This graphic combines the understanding that building and sustaining great programs in thousands of places is not easy.  Drawing youth and volunteers into these programs and keeping them involved for many years is also not easy. It requires persistence and constant innovation.  It also requires a constant source of funding, to attract and keep talented people involved in this effort.

Comprehensive response to indicators of need, such as high levels of violence in some neighborhoods. 

See this graphic in this blog article
It was just announced that the Youth Guidance Becoming a Man Program, in partnership with Thrive Chicago, and Chicago Public Schools, received a major grant from the Obama Foundation.  That's part of a huge effort that focuses on youth and young adults who are in a high risk "opportunity youth" profile category.

However, unless investment is made in programs that reach youth earlier, to help them through high school and into college or other post HS education, help them aspire to jobs and careers, and help them avoid the negative influences surrounding them, there will always be a new wave of youth coming into the high risk pool.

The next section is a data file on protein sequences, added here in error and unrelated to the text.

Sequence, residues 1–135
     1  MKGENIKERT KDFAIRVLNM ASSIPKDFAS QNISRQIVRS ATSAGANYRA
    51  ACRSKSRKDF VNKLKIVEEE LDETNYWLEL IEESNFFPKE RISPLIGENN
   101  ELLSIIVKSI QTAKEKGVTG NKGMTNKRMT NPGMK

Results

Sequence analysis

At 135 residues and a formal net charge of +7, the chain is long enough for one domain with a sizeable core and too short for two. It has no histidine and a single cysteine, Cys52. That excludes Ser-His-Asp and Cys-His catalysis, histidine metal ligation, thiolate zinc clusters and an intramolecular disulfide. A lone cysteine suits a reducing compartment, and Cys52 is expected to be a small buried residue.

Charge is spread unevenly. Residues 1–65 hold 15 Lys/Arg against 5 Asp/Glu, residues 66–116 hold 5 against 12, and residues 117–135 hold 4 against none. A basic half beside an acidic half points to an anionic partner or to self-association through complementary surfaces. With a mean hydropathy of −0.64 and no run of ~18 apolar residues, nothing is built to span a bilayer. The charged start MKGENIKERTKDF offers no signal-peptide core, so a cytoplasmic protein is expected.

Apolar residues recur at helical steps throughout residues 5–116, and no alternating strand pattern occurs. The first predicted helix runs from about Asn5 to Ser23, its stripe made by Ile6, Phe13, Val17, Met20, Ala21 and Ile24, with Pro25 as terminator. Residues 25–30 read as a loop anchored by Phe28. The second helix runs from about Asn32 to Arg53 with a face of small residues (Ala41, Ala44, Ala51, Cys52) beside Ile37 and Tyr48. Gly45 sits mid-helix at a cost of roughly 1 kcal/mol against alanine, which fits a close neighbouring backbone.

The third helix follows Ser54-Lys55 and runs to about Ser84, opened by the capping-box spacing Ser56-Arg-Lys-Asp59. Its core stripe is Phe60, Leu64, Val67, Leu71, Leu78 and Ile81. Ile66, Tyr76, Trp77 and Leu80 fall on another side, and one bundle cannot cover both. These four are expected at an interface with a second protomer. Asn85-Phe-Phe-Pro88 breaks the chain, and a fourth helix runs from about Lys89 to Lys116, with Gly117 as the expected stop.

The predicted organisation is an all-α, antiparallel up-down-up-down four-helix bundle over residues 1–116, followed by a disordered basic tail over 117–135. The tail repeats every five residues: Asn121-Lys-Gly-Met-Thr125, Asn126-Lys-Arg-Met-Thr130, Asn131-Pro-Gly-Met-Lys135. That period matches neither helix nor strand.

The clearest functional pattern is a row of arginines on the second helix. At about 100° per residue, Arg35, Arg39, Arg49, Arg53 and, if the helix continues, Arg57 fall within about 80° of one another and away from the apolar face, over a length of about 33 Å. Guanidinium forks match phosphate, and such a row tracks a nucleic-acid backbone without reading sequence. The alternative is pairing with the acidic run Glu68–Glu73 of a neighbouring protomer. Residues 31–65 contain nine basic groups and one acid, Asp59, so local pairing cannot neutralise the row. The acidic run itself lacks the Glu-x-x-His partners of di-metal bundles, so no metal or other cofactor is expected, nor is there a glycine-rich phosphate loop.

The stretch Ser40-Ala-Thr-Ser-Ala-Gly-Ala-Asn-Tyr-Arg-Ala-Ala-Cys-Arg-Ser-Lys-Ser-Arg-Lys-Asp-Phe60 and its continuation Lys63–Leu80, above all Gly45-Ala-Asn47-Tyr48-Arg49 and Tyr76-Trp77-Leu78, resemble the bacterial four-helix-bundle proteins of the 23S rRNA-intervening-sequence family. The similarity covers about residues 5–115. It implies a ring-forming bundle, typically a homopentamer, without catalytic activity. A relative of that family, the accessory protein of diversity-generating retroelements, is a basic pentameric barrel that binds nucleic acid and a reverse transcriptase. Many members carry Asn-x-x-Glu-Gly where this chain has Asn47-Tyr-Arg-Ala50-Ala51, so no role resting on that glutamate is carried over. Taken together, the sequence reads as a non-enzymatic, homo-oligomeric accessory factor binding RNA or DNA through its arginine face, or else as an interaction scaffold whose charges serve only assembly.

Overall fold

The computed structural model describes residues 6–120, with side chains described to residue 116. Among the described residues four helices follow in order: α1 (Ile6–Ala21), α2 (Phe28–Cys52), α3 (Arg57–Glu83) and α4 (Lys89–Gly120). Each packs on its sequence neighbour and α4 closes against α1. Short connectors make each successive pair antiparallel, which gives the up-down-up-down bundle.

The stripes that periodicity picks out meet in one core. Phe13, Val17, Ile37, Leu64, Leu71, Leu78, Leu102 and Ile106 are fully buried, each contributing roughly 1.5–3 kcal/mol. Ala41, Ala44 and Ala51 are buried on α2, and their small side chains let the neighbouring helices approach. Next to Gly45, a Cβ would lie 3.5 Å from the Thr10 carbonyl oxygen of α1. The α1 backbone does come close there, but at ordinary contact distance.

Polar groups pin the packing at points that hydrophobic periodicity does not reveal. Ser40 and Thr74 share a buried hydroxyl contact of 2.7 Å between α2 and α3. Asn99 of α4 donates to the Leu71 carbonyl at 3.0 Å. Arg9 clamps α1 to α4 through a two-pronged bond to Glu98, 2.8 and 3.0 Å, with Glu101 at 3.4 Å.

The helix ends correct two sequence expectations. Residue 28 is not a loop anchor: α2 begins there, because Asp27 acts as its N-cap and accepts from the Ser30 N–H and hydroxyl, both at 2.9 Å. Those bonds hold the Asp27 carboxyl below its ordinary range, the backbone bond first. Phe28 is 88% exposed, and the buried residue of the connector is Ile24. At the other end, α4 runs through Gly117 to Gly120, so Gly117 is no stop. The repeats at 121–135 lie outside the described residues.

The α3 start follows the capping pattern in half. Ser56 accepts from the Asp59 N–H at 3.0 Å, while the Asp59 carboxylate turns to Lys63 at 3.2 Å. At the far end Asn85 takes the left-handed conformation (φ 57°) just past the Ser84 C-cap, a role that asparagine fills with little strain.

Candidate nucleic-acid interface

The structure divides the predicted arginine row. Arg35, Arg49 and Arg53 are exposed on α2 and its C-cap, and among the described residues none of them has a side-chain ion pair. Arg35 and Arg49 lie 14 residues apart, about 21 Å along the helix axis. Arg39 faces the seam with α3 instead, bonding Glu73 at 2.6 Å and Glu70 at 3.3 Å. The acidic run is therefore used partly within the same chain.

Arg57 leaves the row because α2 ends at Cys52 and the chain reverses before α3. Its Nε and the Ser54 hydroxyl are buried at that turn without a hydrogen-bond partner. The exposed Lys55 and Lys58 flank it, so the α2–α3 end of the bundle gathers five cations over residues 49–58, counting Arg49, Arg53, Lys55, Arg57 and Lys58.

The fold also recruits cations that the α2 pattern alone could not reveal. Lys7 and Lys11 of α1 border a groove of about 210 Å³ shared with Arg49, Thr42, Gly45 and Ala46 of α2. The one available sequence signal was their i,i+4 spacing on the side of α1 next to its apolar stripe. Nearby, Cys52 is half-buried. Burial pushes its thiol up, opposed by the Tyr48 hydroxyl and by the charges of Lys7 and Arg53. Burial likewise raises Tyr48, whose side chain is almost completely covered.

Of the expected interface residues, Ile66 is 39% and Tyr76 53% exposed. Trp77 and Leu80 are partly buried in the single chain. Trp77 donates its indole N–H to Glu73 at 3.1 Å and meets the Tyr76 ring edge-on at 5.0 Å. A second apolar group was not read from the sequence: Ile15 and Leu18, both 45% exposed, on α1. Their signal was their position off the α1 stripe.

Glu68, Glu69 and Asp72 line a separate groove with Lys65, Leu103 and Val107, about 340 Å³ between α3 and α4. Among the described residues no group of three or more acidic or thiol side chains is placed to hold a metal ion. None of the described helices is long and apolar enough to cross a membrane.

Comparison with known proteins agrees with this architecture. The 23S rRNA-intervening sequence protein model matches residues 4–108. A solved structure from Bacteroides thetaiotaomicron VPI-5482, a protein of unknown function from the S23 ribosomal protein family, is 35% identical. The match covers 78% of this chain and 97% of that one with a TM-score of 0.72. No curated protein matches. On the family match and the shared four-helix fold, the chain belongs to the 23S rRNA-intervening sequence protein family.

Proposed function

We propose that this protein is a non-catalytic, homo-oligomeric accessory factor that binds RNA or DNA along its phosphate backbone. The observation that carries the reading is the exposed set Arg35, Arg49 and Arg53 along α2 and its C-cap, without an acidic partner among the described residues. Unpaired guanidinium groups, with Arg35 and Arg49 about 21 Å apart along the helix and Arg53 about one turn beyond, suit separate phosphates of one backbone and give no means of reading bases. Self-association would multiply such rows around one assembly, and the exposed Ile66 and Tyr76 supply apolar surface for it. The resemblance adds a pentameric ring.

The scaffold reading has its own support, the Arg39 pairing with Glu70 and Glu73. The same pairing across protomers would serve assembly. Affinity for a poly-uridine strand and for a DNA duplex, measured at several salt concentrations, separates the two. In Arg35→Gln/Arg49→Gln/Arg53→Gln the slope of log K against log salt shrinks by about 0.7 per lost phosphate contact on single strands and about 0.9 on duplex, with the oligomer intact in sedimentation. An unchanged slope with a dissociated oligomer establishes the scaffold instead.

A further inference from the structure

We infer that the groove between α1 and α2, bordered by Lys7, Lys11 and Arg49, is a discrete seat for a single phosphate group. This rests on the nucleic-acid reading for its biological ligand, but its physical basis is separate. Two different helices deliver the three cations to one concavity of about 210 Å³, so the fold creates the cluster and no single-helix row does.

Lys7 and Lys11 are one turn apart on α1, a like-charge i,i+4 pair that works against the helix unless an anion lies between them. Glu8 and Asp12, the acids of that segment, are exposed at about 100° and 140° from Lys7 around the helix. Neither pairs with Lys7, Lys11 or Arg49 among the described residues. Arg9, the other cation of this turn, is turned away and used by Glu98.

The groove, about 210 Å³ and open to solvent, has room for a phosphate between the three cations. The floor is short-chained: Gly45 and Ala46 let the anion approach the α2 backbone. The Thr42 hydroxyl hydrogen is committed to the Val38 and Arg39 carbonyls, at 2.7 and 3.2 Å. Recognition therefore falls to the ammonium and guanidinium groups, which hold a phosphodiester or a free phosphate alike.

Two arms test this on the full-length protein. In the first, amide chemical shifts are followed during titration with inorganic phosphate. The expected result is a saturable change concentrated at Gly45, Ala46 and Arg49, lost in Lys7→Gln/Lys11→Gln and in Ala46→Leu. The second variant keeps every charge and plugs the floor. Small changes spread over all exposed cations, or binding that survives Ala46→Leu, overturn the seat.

Planning needed, in Chicago, and in every other city.

This graphic has been used in several blog articles - take a look
This concept map contains a lot of information.  At the right is the same graphic that was included in the first graphic shown above. Then there are maps, showing high poverty areas of Chicago. All of these areas need great programs reaching kids from first grade through first jobs and on-going careers.